Independent contractors: Are they or aren't they?Dr. Paul A. Munozwage and hour issues, employment status, common law factors
The issue of independent contractors (ICs) continues to haunt
employers and may have an impact on the mortgage industry. Many
mortgage brokers hire their sales staff as contractors for any
number of reasons. The key to determining whether an individual is
an IC or an employee is based on a number of factors.
The Internal Revenue Service uses the common law factors listed
below to determine whether or not a worker is an IC or a regular
employee. Please remember that all of the factors must be taken
into consideration when determining contractor/employee status:
1. Instructions. An employer should not tell an
independent contractor how to do a job.
2. Training. An employer should not provide
substantial training for an independent contractor.
3. Integration. An independent contractor
should not be hired to provide a service that is an essential part
of an employers business.
4. Personal services. An employer should not
insist that the work be performed by the contractor rather than
someone that the contractor might hire.
5. Assistants. Independent contractors control
and pay their assistants.
6. Length of relationship. Independent
contractors should not have a continuing relationship with an
employer unless there are multiple contracts.
7. Work hours. An independent contractor
usually determines the hours worked to complete a job.
8. Amount of work. An independent contractor
should not be told to work full-time for an employer if that would
prevent the contractor from doing other work.
9. Location. Unless the services can be
performed only in one location, an independent contractor chooses
where to do the work.
10. Sequence of work. Independent contractors
determine the order in which they accomplish their tasks.
11. Reports. Independent contractors should not
be required to produce interim reports.
12. Payment. Independent contractors are paid
for the results of their work, not for the time worked.
13. Expenses. Independent contractors are
responsible for their business expenses.
14. Tools. Independent contractors typically
provide their equipment and tools.
15. Investment. An independent contractor has a
significant investment in their business, such as a home
16. Profit. Independent contractors can realize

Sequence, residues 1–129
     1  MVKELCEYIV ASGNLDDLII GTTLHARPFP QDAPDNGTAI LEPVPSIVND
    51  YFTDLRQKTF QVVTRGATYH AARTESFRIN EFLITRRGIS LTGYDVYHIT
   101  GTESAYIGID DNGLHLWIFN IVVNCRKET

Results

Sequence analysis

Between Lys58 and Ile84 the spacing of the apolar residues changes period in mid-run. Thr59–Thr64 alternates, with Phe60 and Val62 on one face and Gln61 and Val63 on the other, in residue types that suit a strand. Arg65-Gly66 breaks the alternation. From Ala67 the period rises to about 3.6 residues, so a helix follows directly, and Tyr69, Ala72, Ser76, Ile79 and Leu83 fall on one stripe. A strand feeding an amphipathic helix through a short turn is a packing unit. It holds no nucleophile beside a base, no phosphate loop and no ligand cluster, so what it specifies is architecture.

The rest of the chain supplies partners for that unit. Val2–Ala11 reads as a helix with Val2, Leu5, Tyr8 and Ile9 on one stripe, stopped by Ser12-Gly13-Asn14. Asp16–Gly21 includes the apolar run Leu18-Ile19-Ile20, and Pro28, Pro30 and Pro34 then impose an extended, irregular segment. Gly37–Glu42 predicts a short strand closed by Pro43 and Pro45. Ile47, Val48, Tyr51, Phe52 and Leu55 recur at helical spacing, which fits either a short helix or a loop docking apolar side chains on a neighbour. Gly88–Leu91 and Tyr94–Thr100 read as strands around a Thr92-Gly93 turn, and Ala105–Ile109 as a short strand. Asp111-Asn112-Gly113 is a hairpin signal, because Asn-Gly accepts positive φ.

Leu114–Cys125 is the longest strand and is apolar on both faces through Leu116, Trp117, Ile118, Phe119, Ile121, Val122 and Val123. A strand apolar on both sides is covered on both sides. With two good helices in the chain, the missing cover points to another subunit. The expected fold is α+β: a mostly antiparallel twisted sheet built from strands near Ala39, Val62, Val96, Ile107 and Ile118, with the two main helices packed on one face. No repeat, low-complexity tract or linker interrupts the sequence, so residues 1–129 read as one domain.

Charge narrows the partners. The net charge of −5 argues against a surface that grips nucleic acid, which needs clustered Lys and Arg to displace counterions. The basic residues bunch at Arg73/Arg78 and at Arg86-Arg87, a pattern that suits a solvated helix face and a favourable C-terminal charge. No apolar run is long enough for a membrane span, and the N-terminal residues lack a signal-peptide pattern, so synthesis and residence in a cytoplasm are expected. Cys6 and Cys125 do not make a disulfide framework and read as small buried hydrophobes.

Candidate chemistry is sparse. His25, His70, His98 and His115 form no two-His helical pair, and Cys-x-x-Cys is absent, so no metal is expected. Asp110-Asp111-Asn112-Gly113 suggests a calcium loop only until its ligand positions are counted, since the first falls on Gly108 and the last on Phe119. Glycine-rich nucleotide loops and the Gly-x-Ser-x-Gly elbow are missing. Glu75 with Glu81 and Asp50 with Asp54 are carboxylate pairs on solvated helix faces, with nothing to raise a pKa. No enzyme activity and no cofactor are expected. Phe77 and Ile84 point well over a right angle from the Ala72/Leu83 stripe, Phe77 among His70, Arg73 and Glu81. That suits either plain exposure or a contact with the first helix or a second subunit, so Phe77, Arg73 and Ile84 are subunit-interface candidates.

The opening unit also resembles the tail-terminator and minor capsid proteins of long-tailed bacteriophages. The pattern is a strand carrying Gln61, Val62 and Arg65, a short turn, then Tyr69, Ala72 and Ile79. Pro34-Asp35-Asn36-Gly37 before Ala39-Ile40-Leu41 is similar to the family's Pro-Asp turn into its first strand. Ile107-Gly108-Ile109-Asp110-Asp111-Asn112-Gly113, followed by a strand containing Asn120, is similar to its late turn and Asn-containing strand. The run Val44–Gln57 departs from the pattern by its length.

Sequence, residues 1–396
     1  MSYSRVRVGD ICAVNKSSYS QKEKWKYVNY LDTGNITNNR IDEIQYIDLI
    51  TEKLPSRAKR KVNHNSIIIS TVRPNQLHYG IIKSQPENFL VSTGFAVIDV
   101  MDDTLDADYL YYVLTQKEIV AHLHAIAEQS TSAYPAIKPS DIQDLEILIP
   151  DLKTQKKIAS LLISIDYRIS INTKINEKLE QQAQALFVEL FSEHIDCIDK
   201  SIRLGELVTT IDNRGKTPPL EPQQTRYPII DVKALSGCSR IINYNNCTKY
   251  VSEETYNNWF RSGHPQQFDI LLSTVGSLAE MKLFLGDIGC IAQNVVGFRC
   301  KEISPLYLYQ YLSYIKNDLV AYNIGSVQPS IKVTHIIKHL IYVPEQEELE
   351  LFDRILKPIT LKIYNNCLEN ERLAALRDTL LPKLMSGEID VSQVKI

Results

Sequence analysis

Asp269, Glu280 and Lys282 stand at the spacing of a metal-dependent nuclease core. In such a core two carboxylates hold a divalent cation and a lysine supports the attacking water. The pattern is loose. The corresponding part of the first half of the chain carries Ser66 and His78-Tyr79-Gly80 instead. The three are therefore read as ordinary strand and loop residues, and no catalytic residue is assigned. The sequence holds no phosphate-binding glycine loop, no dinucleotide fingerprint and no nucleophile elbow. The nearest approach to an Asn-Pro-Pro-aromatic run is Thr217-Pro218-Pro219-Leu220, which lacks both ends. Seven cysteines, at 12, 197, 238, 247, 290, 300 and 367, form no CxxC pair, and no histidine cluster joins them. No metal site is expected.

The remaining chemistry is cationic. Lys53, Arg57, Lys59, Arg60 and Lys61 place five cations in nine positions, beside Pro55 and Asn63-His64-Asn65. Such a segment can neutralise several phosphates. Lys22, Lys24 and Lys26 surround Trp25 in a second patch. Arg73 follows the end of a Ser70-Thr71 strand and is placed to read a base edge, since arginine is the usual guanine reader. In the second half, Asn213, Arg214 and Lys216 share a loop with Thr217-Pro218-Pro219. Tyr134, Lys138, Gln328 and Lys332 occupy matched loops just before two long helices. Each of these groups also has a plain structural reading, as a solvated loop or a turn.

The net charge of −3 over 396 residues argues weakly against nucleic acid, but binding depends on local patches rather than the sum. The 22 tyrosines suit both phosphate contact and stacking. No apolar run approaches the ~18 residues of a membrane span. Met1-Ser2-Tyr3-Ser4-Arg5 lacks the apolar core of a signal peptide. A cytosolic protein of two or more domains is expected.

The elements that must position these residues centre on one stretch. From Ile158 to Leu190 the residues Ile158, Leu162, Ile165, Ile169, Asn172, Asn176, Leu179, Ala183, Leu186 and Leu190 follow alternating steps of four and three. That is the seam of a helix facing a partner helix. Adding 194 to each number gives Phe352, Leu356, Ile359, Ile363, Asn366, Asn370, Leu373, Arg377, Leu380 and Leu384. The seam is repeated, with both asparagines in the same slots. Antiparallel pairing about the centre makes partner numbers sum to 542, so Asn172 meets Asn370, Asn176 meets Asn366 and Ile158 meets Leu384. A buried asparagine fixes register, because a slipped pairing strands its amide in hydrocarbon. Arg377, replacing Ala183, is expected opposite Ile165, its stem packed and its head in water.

profits and incur losses.
17. Multiple jobs. Independent contractors can
work for more than one employer at one time.
18. Availability. Independent contractors make
their services available to the general public.
19. Termination. Independent contractors cannot
be fired at will, as employees can.
20. Liability. Independent contractors are
liable for failure to complete a job.
The wrong determination can have disastrous consequences.
Microsoft Corporation had hired a large number of ICs to work on
many projects within the company. They were hired for specific
projects, but many of them worked for a number of years on these
projects, performed many of the same tasks as regular employees,
and were provided with workspace, equipment and supplies. When an
IRS audit was performed, based on the aforementioned and some other
factors, these contractors were deemed to be employees. Microsoft
settled these cases for $96.9 million.
Some items to keep in mind for mortgage salespeople:
•The greater the skill required, the more likely the
person is an IC. The ability to sell in the mortgage industry is a
•If the individuals supply their own tools and materials, it
reflects IC status. Providing a salesperson with these items will
raise a red flag.
•If individuals are in business for themselves and have all
of the appropriate licenses and tax identification numbers, this
would suggest an IC relationship. Having sales staff become S
corporations will help.
•If the employer determines the work schedule, this reflects
an employee relationship. Sales staff should be on their own in
terms of hours worked. Requiring a few hours on site on a regular
basis can erode the IC relationship.
•If the individual is treated as an employee for tax
purposes, this creates an employee relationship. If it looks like
an employee, acts like an employee and "feels" like an employee, it
Guessing the employment status or creating an independent
contractor status to reduce administrative headaches makes you very
vulnerable. Conduct an audit of your company's employees and
reclassify anyone who does not meet the 20-question test. IRS
codes, wage and hour, benefit and discrimination laws are more of a
nightmare. The best advice? Use the guidelines detailed above, be
realistic in your approach and err on the conservative side.
Dr. Paul Munoz is president of the Plainview, N.Y.-based HR
Group Inc., a human resources consulting firm. He may be reached at
(516) 433-6588 or e-mail email@example.com.